San Francisco’s Legislation on Recreational Cannabis


Mayor Ed Lee and Supervisor Jeff Sheehy introduced new legislation regulating adult recreational cannabis for the first time in San Francisco history. Last year, Proposition 64 legalized the use of recreational cannabis allowing local jurisdictions to impose their own regulations. Currently, San Francisco ordinance regulating the use of medical cannabis is significantly different than recreational cannabis.

This new legislation is trying to close the gap between the current medical cannabis law and the future laws that the state requires. The bill classifies eight different types of cannabis businesses from growers to retailers, each requiring their own permit.

Sheehy’s legislation creates an “Equity Program” by the Office of Cannabis. This program is “designed to foster equitable access to participation to the cannabis industry,” unlike prior proposals. This focuses on providing access to the low-income communities the wealth and benefits of the cannabis industry. These “Equity Applicants” will have priority in permit processing and be allowed to open a recreational cannabis business next year. Although, it is doubtful that new businesses will be authorized to open in 2018 since the process is complex.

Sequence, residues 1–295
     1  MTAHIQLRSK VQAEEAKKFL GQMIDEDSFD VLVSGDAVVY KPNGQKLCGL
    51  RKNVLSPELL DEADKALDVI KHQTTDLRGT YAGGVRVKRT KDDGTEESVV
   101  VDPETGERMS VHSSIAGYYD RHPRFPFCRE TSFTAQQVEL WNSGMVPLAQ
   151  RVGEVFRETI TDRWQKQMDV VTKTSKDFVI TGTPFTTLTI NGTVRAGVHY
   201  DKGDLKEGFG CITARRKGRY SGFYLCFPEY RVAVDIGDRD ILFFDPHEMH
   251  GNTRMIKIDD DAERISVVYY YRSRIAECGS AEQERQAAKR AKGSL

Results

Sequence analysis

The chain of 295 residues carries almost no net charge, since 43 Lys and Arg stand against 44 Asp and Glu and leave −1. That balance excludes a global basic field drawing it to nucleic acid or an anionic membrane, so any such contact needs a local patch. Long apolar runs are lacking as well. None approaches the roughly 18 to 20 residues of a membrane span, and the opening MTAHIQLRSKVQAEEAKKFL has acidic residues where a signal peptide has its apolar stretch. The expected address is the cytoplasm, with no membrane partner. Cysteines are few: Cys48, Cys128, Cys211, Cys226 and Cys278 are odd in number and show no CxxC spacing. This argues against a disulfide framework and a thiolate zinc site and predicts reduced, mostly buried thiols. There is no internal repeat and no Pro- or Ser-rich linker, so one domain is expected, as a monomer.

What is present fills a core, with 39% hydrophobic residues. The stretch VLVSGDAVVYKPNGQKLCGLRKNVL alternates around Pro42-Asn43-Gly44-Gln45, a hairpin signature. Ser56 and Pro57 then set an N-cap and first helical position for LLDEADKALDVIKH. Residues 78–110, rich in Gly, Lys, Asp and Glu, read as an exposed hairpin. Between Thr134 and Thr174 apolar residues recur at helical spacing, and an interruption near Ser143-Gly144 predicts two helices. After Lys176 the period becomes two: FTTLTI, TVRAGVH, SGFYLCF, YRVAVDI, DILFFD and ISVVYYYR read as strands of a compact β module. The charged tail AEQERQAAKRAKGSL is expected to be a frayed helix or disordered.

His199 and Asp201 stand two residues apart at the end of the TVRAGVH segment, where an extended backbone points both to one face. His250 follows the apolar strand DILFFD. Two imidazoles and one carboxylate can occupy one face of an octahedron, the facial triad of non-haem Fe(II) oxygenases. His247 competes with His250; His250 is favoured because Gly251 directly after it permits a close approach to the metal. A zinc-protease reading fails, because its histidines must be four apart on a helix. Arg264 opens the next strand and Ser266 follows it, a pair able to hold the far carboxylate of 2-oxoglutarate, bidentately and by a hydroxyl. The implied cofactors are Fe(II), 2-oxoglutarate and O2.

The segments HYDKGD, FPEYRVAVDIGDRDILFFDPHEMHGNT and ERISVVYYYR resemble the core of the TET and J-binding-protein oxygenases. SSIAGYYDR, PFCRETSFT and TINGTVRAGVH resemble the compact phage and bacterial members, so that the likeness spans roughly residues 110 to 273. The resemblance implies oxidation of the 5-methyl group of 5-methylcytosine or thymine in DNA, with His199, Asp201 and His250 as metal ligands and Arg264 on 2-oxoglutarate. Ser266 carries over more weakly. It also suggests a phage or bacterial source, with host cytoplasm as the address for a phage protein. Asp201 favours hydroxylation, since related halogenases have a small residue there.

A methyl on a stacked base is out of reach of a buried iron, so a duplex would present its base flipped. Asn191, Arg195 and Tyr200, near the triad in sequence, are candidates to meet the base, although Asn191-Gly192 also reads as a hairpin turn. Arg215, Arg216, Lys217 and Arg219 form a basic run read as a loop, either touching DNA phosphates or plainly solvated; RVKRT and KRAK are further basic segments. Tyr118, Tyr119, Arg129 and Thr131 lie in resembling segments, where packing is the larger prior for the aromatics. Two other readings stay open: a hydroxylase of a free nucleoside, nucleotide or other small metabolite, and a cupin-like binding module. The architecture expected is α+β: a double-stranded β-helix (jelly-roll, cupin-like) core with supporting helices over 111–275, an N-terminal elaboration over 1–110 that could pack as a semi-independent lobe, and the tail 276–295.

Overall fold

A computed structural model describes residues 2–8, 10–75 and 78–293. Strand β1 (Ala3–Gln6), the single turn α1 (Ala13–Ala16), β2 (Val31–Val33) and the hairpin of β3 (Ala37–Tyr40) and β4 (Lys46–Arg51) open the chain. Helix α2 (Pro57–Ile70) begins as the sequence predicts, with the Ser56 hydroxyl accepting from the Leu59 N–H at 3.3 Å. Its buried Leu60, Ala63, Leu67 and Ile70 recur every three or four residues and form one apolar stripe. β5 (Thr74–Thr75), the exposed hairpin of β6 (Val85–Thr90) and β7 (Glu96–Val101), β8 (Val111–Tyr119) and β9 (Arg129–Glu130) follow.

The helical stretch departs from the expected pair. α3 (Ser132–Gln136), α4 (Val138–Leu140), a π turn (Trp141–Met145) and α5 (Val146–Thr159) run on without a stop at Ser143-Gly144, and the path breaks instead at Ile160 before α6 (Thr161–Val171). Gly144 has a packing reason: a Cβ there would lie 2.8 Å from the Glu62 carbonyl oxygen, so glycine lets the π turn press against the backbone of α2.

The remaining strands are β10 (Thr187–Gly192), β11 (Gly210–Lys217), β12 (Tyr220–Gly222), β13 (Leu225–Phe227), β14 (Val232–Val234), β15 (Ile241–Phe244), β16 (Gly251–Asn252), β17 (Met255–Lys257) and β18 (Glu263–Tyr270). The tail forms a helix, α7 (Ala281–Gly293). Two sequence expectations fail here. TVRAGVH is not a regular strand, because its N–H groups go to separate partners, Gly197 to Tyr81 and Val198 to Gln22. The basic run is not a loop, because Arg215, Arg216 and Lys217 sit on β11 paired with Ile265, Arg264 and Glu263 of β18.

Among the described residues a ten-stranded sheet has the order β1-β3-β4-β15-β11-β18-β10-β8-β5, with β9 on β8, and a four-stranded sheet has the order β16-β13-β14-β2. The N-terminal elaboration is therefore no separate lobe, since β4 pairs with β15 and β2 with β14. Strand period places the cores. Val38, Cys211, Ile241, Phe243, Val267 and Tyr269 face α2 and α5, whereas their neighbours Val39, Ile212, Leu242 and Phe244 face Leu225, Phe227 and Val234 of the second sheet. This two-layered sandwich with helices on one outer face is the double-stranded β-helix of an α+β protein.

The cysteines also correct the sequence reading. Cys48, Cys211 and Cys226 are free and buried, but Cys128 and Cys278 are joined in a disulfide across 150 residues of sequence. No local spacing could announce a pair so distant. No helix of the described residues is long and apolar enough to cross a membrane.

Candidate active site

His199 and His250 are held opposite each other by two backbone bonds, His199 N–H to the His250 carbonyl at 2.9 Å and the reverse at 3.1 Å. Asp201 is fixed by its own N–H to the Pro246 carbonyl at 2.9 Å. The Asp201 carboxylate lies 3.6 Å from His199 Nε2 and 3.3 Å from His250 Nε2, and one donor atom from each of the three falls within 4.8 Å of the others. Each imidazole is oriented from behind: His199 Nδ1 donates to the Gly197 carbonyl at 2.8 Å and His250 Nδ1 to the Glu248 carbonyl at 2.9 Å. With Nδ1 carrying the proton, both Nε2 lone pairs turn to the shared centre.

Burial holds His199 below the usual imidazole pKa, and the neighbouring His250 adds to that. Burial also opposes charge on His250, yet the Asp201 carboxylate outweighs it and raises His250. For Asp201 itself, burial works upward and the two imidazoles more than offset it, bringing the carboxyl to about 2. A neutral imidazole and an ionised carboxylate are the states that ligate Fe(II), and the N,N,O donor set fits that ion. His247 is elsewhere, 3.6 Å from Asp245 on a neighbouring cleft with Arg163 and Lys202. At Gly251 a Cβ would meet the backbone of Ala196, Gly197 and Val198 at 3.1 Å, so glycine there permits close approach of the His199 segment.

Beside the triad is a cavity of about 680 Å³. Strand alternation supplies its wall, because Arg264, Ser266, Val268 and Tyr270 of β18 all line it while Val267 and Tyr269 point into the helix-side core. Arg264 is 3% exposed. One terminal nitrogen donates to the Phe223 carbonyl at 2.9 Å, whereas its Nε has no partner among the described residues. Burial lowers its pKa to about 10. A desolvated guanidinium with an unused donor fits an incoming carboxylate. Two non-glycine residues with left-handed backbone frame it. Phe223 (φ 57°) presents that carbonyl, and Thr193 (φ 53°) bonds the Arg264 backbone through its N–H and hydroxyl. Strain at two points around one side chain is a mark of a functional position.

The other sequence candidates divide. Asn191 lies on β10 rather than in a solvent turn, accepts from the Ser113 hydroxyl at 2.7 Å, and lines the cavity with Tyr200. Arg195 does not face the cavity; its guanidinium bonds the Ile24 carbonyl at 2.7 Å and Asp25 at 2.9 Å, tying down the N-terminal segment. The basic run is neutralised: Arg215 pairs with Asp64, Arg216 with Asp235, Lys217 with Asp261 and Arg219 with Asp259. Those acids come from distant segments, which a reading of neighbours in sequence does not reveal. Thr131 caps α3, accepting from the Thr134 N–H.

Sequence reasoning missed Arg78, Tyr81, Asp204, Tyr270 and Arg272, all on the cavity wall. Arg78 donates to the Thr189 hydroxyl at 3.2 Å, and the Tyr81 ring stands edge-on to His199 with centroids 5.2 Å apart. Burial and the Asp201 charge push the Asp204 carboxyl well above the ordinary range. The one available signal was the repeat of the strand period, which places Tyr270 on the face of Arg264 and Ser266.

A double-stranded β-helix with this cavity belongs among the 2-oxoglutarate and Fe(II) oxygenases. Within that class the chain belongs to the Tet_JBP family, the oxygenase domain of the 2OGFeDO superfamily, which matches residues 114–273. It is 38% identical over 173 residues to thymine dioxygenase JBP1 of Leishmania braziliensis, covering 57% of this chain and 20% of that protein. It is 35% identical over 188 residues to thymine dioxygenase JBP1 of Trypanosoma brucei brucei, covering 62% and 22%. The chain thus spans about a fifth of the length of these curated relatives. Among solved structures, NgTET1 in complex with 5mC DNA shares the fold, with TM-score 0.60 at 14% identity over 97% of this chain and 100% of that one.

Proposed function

If one already has an existing medical cannabis business, an application for a new temporary cannabis permit will be required to continue operating as well as registering for to become a permanent cannabis business. This legislation will not benefit the opening of smoking clubs or lounges as smoking or vaping is prohibited in most cannabis businesses.

Edible consumption will be allowed in cannabis retailers. Cannabis manufacturing businesses will be banned from producing non-cannabis products to make sure cannabis doesn’t make its way into any non-cannabis products.

Location will be controlled as well through the proposed legislation. The Planning Department shall regulation an even distance of existing cannabis retailers to avoid clustering and to monitor youth access or proximity to facilities for the youth.


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